5. A number of other Edmonton productions have had successful New York runs Off-Broadway, including Nevermore, a sung-through musical about young Edgar Allan Poe from Catalyst Theatre that also played the West End – and Bash’d, a gay rap opera from Chris Craddock and Nathan Cuckow.
“To their credit, they kept the conversation going,” says Cloran, “and they saw the potential for what we could provide.”
This included Octopus topping up the show’s C$600,000 (£350,000) Citadel budget with an additional contribution, that Cloran says allowed the Citadel to import the show’s entire creative team from New York.
“Ultimately,” Cloran says, “the thing that excited them about coming here was the resources we could provide, and a large supportive audience, but also that we were a little off the beaten path – which gave them a chance to do some development and take some risks with the show that they couldn’t if they were in Chicago or Boston or closer to New York.”
A worker’s chorus of four was added for the Edmonton production, adding to the show’s original multicultural, eight-person cast – along with a seven-person folk orchestra featuring, among other things, an exquisite trombone player, Audrey Ochoa, who sounds as if she has descended from the streets of New Orleans to perform Chorney’s arrangements.
The metaphoric railroad to the underworld mentioned in one of the songs became a literal railroad on stage – at which point Chavkin started to wonder if maybe there was a line between poetry and prose that the show had crossed.
At the Citadel, the tweaks went down to the wire, with major revisions coming on the eve of previews, as Chavkin explains: “As we teched in, we thought, ‘Okay, we can sort of create the world of the show more – the world being described in the script’.”
On stage, however, it felt as if they may have become over-literal with their stage underworld. “I had a very strong reaction,” says Chavkin, “I felt we had become way too representational. We had gone over the edge towards depicting a mythic world – and lost the vibe and atmosphere of the original production.”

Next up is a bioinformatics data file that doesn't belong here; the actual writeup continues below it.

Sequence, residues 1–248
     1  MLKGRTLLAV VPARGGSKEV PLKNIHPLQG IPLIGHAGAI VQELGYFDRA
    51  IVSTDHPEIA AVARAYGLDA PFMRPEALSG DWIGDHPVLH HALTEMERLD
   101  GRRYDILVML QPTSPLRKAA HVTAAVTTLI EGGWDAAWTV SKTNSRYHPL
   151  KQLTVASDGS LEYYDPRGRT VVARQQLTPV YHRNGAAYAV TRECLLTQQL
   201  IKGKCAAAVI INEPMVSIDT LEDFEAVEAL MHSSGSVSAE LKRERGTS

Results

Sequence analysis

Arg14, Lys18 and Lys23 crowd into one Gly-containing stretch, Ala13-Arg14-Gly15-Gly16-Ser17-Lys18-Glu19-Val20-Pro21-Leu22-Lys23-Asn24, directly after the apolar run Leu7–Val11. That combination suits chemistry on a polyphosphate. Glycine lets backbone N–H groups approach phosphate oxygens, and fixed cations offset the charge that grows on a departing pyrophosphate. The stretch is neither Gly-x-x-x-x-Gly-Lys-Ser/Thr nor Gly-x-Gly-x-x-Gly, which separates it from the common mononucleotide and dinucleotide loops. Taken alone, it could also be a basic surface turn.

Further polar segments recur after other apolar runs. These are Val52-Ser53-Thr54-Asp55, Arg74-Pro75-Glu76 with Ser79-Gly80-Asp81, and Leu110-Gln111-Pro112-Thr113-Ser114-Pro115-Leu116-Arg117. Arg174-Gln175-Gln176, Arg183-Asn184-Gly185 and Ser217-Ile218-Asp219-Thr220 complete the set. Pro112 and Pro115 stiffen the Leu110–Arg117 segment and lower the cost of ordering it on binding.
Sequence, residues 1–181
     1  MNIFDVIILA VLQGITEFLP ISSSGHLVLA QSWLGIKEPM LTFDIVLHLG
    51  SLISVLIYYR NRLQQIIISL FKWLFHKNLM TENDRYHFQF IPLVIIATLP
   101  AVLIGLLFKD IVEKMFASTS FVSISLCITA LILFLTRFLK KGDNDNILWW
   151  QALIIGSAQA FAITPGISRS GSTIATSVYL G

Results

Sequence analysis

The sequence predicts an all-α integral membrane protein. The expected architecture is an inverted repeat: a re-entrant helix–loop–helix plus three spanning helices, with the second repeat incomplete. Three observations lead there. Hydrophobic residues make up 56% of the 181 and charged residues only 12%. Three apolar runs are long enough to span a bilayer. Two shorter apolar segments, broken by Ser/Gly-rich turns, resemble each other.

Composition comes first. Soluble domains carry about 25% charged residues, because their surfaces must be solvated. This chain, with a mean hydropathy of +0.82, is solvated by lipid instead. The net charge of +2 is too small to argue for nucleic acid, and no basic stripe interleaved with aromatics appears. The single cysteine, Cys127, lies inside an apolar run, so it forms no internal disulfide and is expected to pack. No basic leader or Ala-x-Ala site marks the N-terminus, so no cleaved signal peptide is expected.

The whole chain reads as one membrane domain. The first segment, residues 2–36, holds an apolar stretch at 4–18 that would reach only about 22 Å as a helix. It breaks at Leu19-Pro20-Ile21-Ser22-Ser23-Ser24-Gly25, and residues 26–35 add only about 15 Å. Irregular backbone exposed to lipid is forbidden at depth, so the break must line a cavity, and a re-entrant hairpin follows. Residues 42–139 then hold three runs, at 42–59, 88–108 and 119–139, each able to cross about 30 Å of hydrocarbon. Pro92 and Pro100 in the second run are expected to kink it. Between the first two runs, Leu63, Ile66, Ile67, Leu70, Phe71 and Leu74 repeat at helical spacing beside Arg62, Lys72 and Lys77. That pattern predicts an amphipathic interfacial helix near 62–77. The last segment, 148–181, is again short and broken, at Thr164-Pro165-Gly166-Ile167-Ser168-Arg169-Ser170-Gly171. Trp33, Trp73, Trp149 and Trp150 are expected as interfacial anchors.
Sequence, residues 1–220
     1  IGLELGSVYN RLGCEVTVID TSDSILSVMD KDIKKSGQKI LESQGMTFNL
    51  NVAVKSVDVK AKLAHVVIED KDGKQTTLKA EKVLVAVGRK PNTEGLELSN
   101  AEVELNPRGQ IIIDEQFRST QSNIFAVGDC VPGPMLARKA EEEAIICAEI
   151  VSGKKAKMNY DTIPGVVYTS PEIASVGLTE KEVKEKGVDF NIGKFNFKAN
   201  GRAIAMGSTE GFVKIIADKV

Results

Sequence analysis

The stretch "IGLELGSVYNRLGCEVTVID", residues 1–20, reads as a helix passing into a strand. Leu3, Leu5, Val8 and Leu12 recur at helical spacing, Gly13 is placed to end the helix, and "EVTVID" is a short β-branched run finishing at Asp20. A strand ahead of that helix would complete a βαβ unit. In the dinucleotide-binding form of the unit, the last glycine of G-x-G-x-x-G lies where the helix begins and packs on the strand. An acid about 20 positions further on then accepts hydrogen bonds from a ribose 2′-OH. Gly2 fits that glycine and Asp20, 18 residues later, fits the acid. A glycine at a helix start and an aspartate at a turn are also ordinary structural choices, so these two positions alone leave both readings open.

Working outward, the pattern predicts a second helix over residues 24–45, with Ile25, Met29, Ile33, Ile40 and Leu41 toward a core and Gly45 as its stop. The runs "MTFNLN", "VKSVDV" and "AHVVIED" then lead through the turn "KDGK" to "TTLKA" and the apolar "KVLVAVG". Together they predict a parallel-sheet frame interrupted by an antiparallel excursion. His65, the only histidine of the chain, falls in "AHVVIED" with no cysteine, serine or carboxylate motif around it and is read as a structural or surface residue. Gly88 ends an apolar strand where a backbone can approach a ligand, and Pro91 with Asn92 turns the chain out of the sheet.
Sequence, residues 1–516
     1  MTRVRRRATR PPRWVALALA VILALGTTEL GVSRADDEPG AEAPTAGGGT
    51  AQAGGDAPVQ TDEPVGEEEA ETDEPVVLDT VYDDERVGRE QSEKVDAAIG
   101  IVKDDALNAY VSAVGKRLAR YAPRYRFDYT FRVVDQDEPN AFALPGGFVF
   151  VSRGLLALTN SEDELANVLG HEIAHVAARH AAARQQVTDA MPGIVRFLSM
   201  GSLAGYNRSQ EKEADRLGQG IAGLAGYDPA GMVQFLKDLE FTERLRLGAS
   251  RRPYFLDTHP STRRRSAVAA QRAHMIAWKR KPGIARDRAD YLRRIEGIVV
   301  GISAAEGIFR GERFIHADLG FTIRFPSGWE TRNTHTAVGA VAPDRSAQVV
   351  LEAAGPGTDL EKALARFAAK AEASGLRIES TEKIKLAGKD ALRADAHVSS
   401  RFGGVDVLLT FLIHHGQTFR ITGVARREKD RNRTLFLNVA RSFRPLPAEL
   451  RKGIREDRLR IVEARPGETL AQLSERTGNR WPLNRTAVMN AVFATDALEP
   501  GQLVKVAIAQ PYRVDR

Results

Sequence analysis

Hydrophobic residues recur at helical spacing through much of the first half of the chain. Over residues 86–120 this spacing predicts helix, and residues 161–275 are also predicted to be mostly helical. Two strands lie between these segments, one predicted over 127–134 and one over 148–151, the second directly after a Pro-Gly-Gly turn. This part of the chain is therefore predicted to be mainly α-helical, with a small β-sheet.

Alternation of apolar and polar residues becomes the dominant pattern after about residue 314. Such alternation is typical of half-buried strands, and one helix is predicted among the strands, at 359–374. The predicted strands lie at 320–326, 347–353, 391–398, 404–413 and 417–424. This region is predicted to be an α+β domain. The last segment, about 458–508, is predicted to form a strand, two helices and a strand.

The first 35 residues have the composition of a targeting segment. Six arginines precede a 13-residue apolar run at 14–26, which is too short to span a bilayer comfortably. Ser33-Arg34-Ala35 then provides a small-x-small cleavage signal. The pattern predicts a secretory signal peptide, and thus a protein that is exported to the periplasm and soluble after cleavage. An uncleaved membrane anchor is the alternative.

Calling the creative team together late one Edmonton night, she went to work on the first act. “I ended up killing and cutting massive parts of the Act I set – and suddenly it was like we had room to breathe again.”
“The biggest experiment in making the transition from New York Theatre Workshop – where we couldn’t be representational, because the space didn’t allow for representation and because we didn’t have this worker’s chorus – was defining the line between creating dynamic onstage visuals and images that capture the feelings and event of a song without being really literal.”
Hadestown doesn’t have a Broadway theatre announced yet, and Chavkin won’t say what the next step is. It’s not a jukebox musical, a la Jim Steinman’s Bat Out of Hell, or a new musical featuring the songs of Jimmy Buffett, both of which are headed for Broadway in the near future with huge, passionate built-in audiences. These could conceivably compete with Hadestown in a marketplace where 63% of the ticket buyers are tourists.
And while Natasha, Pierre and the Great Comet of 1812 received rapturous reviews from critics and 12 Tony nominations, it also closed after 336 performances, having lost a large portion of its producers’ $14 million (£10.5 million) investment. It sold well until Josh Groban left the cast early in the summer of 2017.
Chavkin has learned some lessons about adapting indie darlings into Broadway productions from that experience but she doesn’t necessarily feel they apply to Hadestown.
“Even though there are a million lessons I learned doing Comet, the projects are radically different. With Hadestown there are elements of what we created at New York Theatre Workshop that we really need to hold on to – most importantly the words – but it didn’t feel like we needed to maintain the same level of immersion on a proscenium stage, in a way that for Comet was always part of the deal.
“There are similarities you can draw between them, but they’re also their own unique entities.”
Profile: Citadel Theatre, Edmonton
Artistic director (2016-present): Daryl Cloran
Company manager: Peni Christopher
Location: Edmonton, Alberta, Canada
Theatre space: Five theatres, including Shoctor Theatre (proscenium) and Maclab Theatre (thrust)
Number of productions (2017-18 season): Six mainstage productions, Three add-on productions, One seasonal production
Staff: 40 full-time
Annual Budget: C$13 million (£17.7 million)
Key contacts: Ken Davis, marketing and communications director, +1 780 428 2128
Hadestown had its pre-Broadway Canadian premiere on November 11-December 3 at the Shoctor Theatre